One of the biggest reasons investors and customers alike love MasterClass is because they are building a repository of evergreen content — perhaps some of the longest-lasting stuff on the internet.
Think about it this way: if you would watch a writing class from Judy Blume, wouldn’t you also watch a writing class from other great American writers like Ernest Hemingway or John Steinbeck? See, there’s a threshold. Call it the “greatness threshold”. If a person crosses this greatness threshold, they are admired across generations. And that's what MasterClass is building.
Co-founder Aaron Rasmussen has even mentioned that this is a goal for the company:
“It’s funny, people kept coming in, and you know, we’re having to hire a ton of people, et cetera. And they would be like, ‘What’s your four-year plan?’ And I would say, ‘Well, I’ll tell you what our hundred-year plan is. And we’ll wind it back 96 years and we’ll get to the first four years, but the hundred year plan is, 100 years from now, there should be a group of people capturing the knowledge of the world’s greatest — crystallizing it, and disseminating it, that’s my goal. But also, 100 years from now, the things we make today should hold up. They should be worthy of that.” [Emphasis mine]
The actual advice isn’t the limiting factor — in 2020, information is plentiful. However, the success to back it up is what’s in short supply. While lots of people can opine on how to get to the top of a particular field, only the best can speak to their own experience when they tell you how to get there. The authenticity can’t be copied. And that’s why the content will last a very long time.
Advertisements as a Product
MasterClass also has best-in-class advertisements. No really, they are amazing. Perhaps drawing on the Hollywood background of some of their celebrities, MasterClass made sure that the advertisements were just as great as the content behind the paywall. And while they may pay Facebook to promote their ads, they also spread on their own.
As an example, take a look at this video for a MasterClass by Neil deGrasse Tyson.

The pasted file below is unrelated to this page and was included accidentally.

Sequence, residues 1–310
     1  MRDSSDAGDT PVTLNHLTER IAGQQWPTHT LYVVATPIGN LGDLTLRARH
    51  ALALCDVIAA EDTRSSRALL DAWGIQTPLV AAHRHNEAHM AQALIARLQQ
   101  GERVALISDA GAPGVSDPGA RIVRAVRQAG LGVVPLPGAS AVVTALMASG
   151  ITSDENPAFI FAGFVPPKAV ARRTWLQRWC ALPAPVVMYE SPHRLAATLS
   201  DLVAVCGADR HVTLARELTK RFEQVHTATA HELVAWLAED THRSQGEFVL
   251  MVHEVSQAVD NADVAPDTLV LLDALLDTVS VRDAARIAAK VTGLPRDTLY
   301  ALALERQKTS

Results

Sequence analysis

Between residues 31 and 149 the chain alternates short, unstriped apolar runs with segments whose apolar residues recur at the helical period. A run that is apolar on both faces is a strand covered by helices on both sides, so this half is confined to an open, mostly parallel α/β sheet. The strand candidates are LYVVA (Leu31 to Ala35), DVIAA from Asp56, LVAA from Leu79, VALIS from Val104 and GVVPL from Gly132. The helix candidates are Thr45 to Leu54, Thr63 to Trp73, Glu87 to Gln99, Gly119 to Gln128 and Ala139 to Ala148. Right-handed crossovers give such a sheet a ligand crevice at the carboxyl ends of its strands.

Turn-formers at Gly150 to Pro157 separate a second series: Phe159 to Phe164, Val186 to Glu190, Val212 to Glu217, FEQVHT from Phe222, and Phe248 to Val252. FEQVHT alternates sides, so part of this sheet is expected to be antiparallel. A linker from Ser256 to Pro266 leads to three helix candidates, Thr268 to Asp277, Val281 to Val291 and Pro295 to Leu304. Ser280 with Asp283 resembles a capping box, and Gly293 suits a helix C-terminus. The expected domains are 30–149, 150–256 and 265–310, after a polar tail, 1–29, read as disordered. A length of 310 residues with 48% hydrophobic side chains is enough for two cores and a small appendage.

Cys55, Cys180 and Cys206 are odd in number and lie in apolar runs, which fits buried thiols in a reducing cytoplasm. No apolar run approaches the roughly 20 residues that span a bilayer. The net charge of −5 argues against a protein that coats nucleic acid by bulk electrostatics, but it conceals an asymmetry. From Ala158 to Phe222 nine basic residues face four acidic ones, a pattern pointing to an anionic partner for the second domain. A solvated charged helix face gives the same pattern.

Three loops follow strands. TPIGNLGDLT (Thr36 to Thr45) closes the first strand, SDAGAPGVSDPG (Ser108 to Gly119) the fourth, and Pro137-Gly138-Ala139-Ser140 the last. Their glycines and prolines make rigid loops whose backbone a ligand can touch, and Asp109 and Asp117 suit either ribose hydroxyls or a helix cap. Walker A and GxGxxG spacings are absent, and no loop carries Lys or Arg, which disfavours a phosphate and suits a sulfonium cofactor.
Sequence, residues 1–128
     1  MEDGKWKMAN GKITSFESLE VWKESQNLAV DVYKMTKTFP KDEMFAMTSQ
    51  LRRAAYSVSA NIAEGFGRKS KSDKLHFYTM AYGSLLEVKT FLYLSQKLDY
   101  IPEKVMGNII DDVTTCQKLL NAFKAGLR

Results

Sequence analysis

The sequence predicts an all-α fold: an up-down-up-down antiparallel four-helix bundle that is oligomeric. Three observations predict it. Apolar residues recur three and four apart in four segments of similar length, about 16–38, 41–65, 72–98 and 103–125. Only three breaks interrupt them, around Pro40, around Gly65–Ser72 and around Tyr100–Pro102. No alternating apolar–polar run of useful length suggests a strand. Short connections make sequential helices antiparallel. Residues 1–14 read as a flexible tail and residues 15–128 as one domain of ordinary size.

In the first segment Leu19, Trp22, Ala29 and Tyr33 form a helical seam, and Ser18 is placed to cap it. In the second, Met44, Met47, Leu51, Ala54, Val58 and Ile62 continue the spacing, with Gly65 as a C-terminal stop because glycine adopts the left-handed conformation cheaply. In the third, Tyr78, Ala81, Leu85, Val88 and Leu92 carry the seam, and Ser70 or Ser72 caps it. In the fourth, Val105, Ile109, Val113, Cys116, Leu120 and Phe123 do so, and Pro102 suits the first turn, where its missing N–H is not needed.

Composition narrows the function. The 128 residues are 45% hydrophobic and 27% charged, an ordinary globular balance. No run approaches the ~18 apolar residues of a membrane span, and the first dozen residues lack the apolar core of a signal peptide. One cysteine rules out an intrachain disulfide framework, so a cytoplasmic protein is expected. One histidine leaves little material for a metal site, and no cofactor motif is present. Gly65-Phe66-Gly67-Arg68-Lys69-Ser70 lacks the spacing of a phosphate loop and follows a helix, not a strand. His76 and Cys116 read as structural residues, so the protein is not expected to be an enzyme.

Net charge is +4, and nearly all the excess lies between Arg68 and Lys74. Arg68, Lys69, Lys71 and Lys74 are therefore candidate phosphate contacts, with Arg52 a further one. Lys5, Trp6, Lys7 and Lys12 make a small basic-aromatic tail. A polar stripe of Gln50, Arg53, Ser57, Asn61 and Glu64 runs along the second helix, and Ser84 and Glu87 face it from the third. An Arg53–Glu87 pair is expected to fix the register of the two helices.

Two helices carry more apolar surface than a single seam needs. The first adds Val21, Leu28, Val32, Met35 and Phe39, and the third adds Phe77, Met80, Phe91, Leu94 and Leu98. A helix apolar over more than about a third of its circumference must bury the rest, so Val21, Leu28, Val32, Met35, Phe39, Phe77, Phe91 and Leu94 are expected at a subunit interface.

Each of their advertisements is entertaining in its own right. The opening line hooks you in and you can’t help but keep watching: “One of the great challenges of this world is knowing enough about a subject to think you’re right, but not enough about the subject to know you’re wrong,” proclaims deGrasse Tyson in his deep, crisp voice. The ads are well-written, well-produced, and a joy to watch.
But the best part is that while MasterClass is telling great stories, they are also roping you into a sales process. One of my favorite marketing frameworks is called “AIDA”. It assumes the buyer goes through a linear process of awareness (A), interest (I), desire (D), then action (A). If you look closely enough, the MasterClass ads follow this model pretty closely.
You want to watch the ad. Then you want to watch more.
This is important for two reasons. First is that it actually lowers paid acquisition costs. It lowers them because the Facebook Ads algorithm rewards engaging advertisements with lower CPMs and lots of distribution. Facebook does this because engaging advertisements are just like engaging posts: they keep people on Facebook.
So from MasterClass’s perspective, having incredible ads actually makes serving them to an audience cheaper.
Additionally, organic marketing is usually cheaper than paid marketing. MasterClass certainly used these videos for paid advertising, but they are so good that they also generated a lot of views on their own. The Neil deGrasse Tyson advertisement alone has almost 23 million views. (I even show the ads to my friends because they are so delightful to watch!) Add in the fact that the videos are both a great story and great marketing tool and it’s no wonder MasterClass ads have done so well.
So what are the biggest takeaways from MasterClass’s success?
Borrowing social capital is easier than creating it. MasterClass took people who were already famous and gave their fans even more access to them (without much burden on the celebrities). It’s tricky to create a world-class talent. The MasterClass model skipped the line of building a large audience and lots of credibility and instead, they purchased under-monetized social capital and made delightful educational content out of it.
Small bets lead to bigger bets. In hindsight, this idea seems obvious. But when the company started, nothing like this really existed (recall that Cameo was started a full two years after MasterClass launched). And while MasterClass has nearly $240 million in outside funding now, they tested the idea in 2015 with about $5 million. After getting more than 30,000 initial signups, they were able to raise more and more capital to expand the idea.
I bring this up to compare MasterClass to another large media experiment — Quibi. They had similarities: both of their products had high production costs. They also both leveraged some of the most talented and famous people in the world. But MasterClass did something different than Quibi: it took things step by step. Raise enough to test a hypothesis, and if it works, raise more. And that’s a lesson investors and operators alike can always be reminded of.
Advertisements shouldn’t be an afterthought. Several direct-to-consumer fashion and lifestyle brands know this already — they live and die on their social media presence. However, advertisement quality matters a lot more for industries like education, software, and media than you might think. In the words of Matthew Ball: “[I]f media matters to consumers, but they won’t spend a lot on it, the efficient use of content is actually to drive other industries, categories and products that have better (and bigger) economics.”